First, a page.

Saturday, July 5, 2014


Back in the day (2000-2004) when we used to periodically visit the property during the summer months trying to figure out what the heck we were going to do with it and how we were going to afford whatever we planned to do (this dream came true, even though by the skin of our teeth), we used to hear this crazy loud buzzing noise in the chaparral, which we assumed was the warning rattles of rattlesnakes. We held on to this erroneous belief for years thereafter until, one day (about 3 years ago), I saw a bug that looked like a very large "bee-fly" on the butterfly bush outside the front portico emitting that exact, unmistakable, cacophonous sound. But of course! It was a cicada! It was somewhat of a deja vu for me because I grew up listening to the deafening chorus of cicadas in the mornings and late afternoons during the summer months in Taiwan. Upon further research, I found out that the famous (or infamous) periodical cicadas, which emerge as adults from their nymph stage in large swarms every 13-17 years, are denizens of the Eastern U.S., and the species we have here in SoCal and other parts of the West are annual ("dog-day") cicadas, appearing every summer, with a life span of about 2-3 years. I couldn't really ID this guy who was initially on the deck in the back patio and then suddenly keeled over shortly after I took the first couple shots...yikes! After some research, I want to say it's in the genus Platypedia, but if anyone knows better, please let me know!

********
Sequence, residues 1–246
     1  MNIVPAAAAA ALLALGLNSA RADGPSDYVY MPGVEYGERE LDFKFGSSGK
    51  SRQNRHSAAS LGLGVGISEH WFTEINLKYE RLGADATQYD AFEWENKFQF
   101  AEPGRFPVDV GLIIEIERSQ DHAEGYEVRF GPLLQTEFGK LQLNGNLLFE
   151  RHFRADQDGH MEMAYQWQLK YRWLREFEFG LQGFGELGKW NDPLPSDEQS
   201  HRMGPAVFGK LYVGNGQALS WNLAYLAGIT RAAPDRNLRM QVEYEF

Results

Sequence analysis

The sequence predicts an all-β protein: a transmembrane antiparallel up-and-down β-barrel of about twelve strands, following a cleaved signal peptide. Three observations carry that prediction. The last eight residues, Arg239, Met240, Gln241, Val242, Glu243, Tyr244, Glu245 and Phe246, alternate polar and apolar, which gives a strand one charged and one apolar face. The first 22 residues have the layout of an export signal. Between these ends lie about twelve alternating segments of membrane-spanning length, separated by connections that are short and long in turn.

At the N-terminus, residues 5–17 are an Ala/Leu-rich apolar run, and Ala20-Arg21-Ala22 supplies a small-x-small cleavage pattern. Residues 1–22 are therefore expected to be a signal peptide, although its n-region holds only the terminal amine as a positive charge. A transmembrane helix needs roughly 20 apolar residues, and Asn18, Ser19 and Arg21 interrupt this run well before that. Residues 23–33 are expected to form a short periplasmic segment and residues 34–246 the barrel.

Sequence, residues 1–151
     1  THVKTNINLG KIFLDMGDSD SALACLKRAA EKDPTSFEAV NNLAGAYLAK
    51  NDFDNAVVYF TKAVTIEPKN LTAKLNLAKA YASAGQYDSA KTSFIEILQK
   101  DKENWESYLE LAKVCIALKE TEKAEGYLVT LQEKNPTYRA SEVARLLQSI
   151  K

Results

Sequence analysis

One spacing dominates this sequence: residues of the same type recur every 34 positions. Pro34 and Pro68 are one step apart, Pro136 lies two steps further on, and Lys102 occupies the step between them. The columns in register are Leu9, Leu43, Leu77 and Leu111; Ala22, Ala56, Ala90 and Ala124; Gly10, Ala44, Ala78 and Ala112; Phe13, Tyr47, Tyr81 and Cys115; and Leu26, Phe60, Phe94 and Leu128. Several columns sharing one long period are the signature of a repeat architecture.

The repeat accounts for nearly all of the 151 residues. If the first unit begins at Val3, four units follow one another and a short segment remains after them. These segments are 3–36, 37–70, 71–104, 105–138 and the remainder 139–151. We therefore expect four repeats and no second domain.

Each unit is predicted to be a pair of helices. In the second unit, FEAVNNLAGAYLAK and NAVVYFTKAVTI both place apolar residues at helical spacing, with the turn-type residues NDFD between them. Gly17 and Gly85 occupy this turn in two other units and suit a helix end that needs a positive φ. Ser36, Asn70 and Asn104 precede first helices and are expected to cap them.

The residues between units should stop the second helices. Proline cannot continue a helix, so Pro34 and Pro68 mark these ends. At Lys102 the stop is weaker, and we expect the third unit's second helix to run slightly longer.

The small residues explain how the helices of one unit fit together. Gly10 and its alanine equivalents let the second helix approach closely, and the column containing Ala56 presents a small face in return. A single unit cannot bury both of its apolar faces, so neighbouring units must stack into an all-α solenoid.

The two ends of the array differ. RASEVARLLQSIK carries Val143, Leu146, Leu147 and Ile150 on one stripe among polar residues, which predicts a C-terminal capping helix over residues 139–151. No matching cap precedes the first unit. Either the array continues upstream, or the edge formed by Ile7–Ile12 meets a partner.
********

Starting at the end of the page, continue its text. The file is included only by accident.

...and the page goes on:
6/18/14 Cicada (Platypedia species?) on the back deck.

6/18/14 Unbeknownst to me, on his last legs.

6/18/14 Oh no! RIP, dude! Hope it wasn't me!

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